The ephemeral world of Charles Bukowski

Living in the moment is kind of a hot topic right now. Probably only the lazy and the dumb don't write about it. However, like most fads, being superficial and meaningless, it will probably give its place to something else in a few years. Just like hipsters did a few years ago.

In his famous novel "Post Office," Bukowski wrote about living in the moment long before it became mainstream, and he did it with much more substance. That might be the reason his novels stood the test of time, unlike blog posts, such as this one, that nobody cares about.

Henri Chinaski, Bukowski's fictional alter ego, working at a post office, and heavily drinking every single day, is certainly living in the moment. And he passes through many different moments of life, easily relatable to many people: shitty jobs and bosses, marriage, divorce, children, paying child support. What is interesting, however, is that how he manages to show the ephemeral and transitory nature of all these life experiences.

I laughed. It was a rather sad laugh, I'll admit. But it came out.


She even helped me pack. Folding my pants neatly into suitcases. Packing in my shorts and razor. When I was ready to leave she started crying again. I bit her on the ear, the right one, then went down the stairway with my stuff. I got into the car and began cruising up and down the streets looking for a For Rent sign.

It didn't seem to be an unusual thing to do.

And it feels like it isn't. It's just an ocean of these moments, and us, thrown in there, trying to find some meaning.

"The ocean," I said, "look at it out there, battering, crawling up and down. And underneath all that, the fish, the poor fish fighting each other, eating each other. We're like those fish, only we're up here. One bad move and you're finished. It's nice to be a champion. It's nice to know your moves."

And probably the only real and non-ephemeral entities in his world would be his trusty glass of whisky, and the novels he decided to write. And that's a somewhat different view from what we sometimes tend to think.

A truly enlightening read.

Benches of Seattle, my PCNW photo school project circa June 2014

Benches of Seattle

My work explores the relationship and interplay between austerity of modern cityscape and human emotions. With influences as diverse as minimalism and street photography, new insights are generated from juxtaposition of both visual and subcontextual symbols.

Ever since starting in photography, I have been fascinated by the endless variation of meanings in mundane city landscape. The narrative follows the points of human contact in the harsh and inhospitable modern city, and shows the realization of emptiness and loneliness of the urban world.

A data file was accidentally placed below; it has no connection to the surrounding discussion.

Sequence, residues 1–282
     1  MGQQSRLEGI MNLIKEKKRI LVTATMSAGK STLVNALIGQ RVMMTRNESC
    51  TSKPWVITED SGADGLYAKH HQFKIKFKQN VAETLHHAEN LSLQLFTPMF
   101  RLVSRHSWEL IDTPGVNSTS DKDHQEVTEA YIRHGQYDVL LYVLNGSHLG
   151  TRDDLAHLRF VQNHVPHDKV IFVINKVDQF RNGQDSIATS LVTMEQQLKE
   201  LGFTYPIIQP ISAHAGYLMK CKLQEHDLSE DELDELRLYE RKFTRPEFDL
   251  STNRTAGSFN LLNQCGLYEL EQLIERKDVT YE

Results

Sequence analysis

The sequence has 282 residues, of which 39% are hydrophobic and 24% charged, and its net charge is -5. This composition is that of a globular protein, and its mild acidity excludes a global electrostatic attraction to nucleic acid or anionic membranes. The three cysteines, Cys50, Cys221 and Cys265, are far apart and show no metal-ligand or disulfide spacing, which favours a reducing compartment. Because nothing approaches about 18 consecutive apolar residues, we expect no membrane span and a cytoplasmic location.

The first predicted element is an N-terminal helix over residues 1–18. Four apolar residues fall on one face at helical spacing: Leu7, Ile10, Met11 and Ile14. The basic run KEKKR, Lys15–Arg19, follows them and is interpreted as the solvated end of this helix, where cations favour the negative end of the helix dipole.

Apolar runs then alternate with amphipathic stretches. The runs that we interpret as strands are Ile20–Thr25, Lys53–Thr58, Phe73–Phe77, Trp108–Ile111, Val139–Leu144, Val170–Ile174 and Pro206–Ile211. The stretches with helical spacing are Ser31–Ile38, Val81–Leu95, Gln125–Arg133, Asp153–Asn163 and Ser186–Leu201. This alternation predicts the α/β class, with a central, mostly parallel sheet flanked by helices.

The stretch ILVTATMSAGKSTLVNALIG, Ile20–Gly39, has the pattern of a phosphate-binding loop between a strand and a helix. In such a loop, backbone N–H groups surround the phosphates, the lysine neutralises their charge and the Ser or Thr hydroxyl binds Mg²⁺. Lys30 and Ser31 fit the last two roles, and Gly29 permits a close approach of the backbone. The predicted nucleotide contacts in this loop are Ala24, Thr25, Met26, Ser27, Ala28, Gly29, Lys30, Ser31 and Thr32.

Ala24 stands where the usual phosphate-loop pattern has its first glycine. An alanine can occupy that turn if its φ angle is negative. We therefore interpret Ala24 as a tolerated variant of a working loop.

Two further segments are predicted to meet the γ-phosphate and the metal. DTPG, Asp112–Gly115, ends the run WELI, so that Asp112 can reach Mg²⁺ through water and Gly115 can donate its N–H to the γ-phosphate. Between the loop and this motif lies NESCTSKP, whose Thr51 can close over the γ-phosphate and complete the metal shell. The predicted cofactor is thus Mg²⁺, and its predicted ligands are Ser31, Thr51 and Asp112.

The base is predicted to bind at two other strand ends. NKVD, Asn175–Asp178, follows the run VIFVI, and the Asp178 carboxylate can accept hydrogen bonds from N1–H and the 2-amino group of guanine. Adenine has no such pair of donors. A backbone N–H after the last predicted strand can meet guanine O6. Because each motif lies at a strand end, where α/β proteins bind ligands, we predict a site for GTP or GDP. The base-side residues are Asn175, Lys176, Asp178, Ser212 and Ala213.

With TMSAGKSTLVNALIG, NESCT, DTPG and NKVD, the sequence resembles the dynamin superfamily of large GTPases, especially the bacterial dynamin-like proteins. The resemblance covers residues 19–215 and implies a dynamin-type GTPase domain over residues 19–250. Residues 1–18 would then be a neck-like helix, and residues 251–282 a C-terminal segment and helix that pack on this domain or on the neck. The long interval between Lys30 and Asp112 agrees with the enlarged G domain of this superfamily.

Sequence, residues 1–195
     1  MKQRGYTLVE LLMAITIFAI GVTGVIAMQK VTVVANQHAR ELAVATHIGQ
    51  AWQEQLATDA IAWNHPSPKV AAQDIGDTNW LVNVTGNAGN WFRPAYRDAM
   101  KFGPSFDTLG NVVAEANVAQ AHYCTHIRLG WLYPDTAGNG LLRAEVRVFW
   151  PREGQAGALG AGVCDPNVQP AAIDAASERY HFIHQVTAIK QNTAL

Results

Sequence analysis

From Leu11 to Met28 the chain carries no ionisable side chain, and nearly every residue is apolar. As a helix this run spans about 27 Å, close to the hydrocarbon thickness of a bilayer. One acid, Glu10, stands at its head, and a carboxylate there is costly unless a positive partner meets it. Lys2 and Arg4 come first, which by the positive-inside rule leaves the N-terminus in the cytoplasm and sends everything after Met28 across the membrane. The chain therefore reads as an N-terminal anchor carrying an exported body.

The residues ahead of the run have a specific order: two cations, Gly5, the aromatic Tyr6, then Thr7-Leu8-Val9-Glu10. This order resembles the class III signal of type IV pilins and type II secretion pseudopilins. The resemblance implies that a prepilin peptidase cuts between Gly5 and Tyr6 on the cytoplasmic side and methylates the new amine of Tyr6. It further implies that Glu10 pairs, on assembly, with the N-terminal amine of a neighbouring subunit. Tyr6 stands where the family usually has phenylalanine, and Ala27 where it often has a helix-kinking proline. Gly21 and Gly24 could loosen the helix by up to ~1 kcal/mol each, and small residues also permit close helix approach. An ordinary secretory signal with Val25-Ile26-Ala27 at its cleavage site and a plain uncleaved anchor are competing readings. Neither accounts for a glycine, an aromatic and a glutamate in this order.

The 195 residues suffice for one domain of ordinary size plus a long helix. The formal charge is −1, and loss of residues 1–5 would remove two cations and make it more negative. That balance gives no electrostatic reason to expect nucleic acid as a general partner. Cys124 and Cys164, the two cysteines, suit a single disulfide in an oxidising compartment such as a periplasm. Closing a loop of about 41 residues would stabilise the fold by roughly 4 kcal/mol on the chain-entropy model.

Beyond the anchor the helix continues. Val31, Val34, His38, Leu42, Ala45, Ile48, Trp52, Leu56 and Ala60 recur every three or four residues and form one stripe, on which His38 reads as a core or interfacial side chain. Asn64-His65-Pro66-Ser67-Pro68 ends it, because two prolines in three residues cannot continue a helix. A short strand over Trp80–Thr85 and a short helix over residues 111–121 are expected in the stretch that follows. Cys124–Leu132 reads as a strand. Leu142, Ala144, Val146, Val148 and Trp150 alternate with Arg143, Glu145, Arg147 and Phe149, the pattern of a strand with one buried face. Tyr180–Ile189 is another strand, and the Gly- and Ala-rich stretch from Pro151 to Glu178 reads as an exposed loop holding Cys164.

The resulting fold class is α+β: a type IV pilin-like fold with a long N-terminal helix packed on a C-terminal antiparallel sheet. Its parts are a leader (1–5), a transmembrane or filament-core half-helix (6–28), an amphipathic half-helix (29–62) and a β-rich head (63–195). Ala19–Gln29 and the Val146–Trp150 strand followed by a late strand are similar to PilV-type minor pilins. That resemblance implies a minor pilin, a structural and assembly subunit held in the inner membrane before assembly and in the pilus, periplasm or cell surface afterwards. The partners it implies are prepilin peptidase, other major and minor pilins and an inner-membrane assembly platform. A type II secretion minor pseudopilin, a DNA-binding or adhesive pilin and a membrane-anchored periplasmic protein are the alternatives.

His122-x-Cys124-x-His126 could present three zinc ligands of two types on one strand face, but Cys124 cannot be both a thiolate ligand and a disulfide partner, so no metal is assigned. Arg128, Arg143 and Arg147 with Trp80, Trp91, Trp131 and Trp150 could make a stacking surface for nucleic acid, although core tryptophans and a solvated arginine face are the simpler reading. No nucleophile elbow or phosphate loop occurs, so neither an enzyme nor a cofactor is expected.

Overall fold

What starts out as stark and bleak, soon becomes finessed into a synergy of emotion, leaving only a vague sense of unforgiving, and the possibility of clemency and absolution. As momentary phenomena become clarified through emergent and visualizing narrative, the viewer is left with an epitaph for the human intimacy of our era.

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It's OK to feel miserable

Usually when we feel sad, or miserable, we just try to stop being sad, or miserable, and try to be awesome instead. Just like Barney Stinson taught. And in general, in contemporary Western culture, especially in US, people are expected to be happy all the time, no matter the circumstances. Felling like crap is usually treated like there is something seriously wrong with you on a fundamental level, and we just need to fix it ASAP. Hence, when we feel miserable, we feel miserable not only because of the original reason, but also because we are not expected to do so, i.e. we are also feeling miserable because we are feeling miserable. Therefore, we try to break that cycle by pursuing happiness, in whatever form we could imagine it at that point, to try not to be miserable, as soon as possible. That doesn't usually work that way, and we end up being even more miserable in our failed attempts.

But ask any psychologist, and he or she will say that feeling happy all the time is total bullshit. Negative feelings are of the same importance as positive, for many reasons. One of them is, if we are happy all the time, there is no baseline, and we don't really know what is happy in the first place. Moreover, the happiness is usually a very volatile state, which depends not on the specific circumstances themselves, but more so on the gradient of change of them. That's why you are only happy for some short time after a raise, and relationships deteriorate if they don't evolve. Also, people are not really bound to be happy by some default, nobody deserves anything just so. It's similar to that when people asked me, when I failed another attempt at a job interview, why did I fail. I always answered, that the more correct answer would be why did I succeed, if I did. Failing is default. If you are not failing, you are doing something way too easy for you, not at all challenging enough. So failing is good, it means you're really reaching. And when we fail at doing something important, of course we feel miserable. Precisely because it was important. So feeling miserable tends to also look kind of good, because if you don't ever feel miserable, maybe you're not really doing anything important with your life.